“Some of the best years in market history have also been among the least volatile”, the firm notes, arguing investors should not make the mistake of assuming that this is a case of the calm before the storm. That was the case in 2007, the last period that witnessed a market environment as quiet as the current one, but the low Vix readings of 1993-1994 were followed by five years of big market gains.
Still, long-term returns tend to be substandard following periods of very low volatility, says Deutsche Bank's Jim Reid.
According to Reid, returns have historically been poorer following periods of very low volatility. This is not always the case – “ultra-low” volatility “doesn’t necessarily predict bad returns going forward”, says Reid – but returns are generally higher when volatility is higher than it is today.
The likely explanation, he says, is that low volatility tends to be associated with confident markets where stocks are “priced for perfection”.
Another possibility is that the current quiet is neither bullish nor bearish but merely reflective of structural and permanent changes in financial markets. The notion that today's markets are too quiet rests on the assumption that past levels of volatility were both normal and correct. As far back as 1980, however, Nobel economist Robert Shiller famously argued that stock prices move too much to be justified by subsequent changes in dividends. Far from being perfectly efficient, Shiller posited that stock markets were far more volatile than they should be.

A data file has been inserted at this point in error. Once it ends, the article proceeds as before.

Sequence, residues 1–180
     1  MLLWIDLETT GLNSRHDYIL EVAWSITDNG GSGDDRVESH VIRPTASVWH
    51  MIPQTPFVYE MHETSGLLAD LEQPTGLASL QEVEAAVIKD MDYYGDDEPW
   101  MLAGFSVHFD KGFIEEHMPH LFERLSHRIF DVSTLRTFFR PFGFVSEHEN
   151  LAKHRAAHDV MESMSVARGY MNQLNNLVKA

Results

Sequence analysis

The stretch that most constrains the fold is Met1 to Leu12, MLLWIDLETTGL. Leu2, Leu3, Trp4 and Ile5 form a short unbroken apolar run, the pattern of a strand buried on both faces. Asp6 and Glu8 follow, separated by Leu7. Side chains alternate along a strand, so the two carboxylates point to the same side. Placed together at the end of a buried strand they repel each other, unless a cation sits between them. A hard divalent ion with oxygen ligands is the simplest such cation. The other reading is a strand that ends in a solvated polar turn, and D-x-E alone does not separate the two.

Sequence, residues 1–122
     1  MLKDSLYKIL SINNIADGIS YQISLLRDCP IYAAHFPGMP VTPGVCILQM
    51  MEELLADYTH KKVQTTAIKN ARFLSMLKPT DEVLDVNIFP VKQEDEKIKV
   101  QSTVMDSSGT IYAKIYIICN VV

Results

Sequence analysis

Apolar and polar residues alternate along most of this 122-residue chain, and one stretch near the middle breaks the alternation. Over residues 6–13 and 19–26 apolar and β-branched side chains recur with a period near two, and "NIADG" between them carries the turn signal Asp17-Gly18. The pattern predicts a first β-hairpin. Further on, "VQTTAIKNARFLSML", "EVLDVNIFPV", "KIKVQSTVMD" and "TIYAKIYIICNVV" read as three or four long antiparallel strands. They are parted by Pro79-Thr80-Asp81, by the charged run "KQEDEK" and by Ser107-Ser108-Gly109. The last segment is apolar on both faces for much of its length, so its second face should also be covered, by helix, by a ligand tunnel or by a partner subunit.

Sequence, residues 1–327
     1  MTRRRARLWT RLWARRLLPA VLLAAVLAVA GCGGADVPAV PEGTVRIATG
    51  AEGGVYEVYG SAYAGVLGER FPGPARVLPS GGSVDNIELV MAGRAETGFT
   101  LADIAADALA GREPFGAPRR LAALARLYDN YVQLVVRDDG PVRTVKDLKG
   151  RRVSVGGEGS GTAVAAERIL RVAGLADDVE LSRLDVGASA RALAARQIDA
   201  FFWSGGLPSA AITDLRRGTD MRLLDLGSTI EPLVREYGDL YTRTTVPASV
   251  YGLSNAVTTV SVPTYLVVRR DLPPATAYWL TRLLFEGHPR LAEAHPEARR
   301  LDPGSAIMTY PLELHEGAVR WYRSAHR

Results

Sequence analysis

Today’s markets are very different. Individual investors are now bit players, with stocks largely driven by algorithms rather than emotions. Markets are more efficient than they were in the past and arguably less prone to panics. Accordingly, might it be the case that markets were too jumpy in the past and that we have now entered a new era of permanently lower volatility, where stocks only move sharply higher or lower when they have a specific fundamental reason for doing so? Markets may have “wised up” in this respect, as Ben Bernanke put it recently.
In truth, no one knows for sure, although Deutsche Bank doesn’t subscribe to that thesis, saying market quiet will not last forever. Policy risks are under-priced, the firm says, adding that a “turning point” is “close”.
The belated market response to Donald Trump’s recent difficulties would seem to bear out Deutsche Bank’s caution. Volatility has been dormant, but it’s not dead just yet.